There is no reason seniors cannot keep their teeth for a lifetime, since tooth loss is simply the result of an oral disease – not the aging process.
Dental care for seniors
There is no reason seniors cannot keep their teeth for a lifetime, since tooth loss is simply the result of an oral disease – not the aging process. Many seniors do not visit a dentist even once a year – one of the key preventive strategies in ensuring that teeth last a lifetime. Keeping up with the good dental habits that promote healthy teeth and gums should be a top priority as we age. Daily brushing and flossing are as important as ever in later years, as seniors are more likely to experience gum disease, and tooth discoloration caused by a deterioration of enamel and dentin, and oral health issues that stem from other diseases or medications.
Regular dental visits are especially important for seniors since many suffer from dry mouth, which slows down the flow of saliva. All throughout our lives, carbohydrate foods team up with bacteria in the mouth to produce cavity-forming acids. Saliva plays a major role in preventing tooth decay by rinsing away food particles and neutralizing harmful acids. Dry mouth often comes with old age, but can also be caused by medications like antihistamines, decongestants, antidepressants and diuretics.
Seniors often have receding gums that expose the sensitive roots of the teeth to cavities. These cavities should be filled as soon as possible to avoid further damage to the teeth. To reduce the risk of cavities, it is recommended to use fluoride toothpaste and a mouth-rinse containing fluoride. Avoid snacks containing sugars and starches as much as possible.
Gum disease (Periodontal disease) is the main reason people lose their teeth. Gum disease is caused by plaque, a bacterial film that continuously forms around the teeth. Although gum disease is often painless until it is very advanced, some signs of gum disease include: bleeding gums after brushing your teeth, persistent bad breath; swollen gums; loose teeth; a change in the fit of partial dentures.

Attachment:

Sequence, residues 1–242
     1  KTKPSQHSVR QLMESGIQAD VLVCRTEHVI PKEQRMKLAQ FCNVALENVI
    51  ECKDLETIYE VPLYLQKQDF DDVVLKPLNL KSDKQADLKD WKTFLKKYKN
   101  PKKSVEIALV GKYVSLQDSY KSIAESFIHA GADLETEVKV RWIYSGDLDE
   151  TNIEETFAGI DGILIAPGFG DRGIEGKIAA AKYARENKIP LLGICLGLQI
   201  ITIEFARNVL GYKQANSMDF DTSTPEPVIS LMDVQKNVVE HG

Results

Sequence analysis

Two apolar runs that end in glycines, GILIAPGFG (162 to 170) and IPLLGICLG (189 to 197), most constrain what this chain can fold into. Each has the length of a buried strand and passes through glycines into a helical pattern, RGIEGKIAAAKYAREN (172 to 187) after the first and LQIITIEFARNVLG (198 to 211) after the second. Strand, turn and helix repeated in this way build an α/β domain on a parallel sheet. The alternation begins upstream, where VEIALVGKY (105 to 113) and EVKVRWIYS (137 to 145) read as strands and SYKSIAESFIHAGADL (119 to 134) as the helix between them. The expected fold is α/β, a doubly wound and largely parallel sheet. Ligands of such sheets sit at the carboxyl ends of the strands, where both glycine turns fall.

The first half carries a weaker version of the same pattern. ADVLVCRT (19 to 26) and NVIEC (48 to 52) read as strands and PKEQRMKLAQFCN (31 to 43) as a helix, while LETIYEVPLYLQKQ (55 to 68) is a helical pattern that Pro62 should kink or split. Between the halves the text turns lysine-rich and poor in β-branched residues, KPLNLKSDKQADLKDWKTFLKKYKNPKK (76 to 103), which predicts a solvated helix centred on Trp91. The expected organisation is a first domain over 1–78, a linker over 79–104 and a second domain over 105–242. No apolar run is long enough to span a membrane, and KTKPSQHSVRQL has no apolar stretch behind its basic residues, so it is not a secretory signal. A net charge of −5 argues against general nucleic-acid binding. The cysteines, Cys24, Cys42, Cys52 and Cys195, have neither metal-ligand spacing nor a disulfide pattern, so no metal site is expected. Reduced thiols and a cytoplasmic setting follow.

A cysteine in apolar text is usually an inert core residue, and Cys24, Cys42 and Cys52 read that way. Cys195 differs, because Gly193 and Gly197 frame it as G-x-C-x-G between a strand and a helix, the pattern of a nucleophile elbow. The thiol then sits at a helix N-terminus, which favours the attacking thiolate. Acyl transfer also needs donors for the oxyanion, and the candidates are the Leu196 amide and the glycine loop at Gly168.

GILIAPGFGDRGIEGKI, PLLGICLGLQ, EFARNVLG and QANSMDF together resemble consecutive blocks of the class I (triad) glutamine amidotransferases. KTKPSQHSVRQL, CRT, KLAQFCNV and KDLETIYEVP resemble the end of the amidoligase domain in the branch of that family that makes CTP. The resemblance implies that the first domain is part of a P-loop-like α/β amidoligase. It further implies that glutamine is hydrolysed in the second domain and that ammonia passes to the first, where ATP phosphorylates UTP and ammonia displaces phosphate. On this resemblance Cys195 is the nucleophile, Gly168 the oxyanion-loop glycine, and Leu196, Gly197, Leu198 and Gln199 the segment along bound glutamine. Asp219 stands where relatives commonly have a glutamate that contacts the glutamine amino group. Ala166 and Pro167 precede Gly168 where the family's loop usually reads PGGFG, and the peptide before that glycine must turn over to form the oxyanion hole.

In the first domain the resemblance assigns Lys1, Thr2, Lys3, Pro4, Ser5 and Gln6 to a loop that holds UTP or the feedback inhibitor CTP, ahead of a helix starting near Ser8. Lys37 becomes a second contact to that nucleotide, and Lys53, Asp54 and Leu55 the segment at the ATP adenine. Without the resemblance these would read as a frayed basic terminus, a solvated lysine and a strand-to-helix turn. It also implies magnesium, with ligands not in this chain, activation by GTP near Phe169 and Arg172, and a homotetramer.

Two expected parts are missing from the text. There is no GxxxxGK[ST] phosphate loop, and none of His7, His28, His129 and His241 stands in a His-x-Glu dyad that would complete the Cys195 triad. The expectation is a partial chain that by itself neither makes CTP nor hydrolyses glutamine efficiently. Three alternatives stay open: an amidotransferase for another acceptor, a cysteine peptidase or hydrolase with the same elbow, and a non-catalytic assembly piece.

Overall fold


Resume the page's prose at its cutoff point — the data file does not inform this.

The effects of gum disease become cumulative as we age. Your dentist or hygienist can clean the plaque and tartar under the gumline to help reduce the damage of gum disease. As with cavity prevention, daily brushing and flossing are essential. Regular dental cleanings and dental exams are important. Seniors with gum disease should see their dentist 4 times a year.
Following these preventive measures should help prevent seniors from having to wear dentures. But even seniors with no teeth still need to visit the dentist regularly, since many aspects of oral health, such as adjusting ill-fitting dentures and oral cancer screenings, can be handled at routine dental visits. Seniors who have worn dentures for many years may find that they don’t seem to fit as well anymore. Loose dentures make it difficult to eat and speak (they seem to make a “clacking” noise), and do not support the face as well. Your dentist can sometimes remedy the problem by relining the denture, but a new denture should be made every 5-7 years, or when the dentures cannot be used comfortably.
Dr. Ladan Zinati, a graduate of University of Southern California, USC in 1993 where she graduated on top of her class with honor and multiple awards. Dr. Zinati is a member of American Dental Association, California Dental Association, and Los Angeles dental Association. At age 12, Dr. Zinati knew she wanted to be a dentist and by age 17 she started working in a dental office as a dental assistant for 5 years while attending last year of high school and 4 years of university, before entering dental school.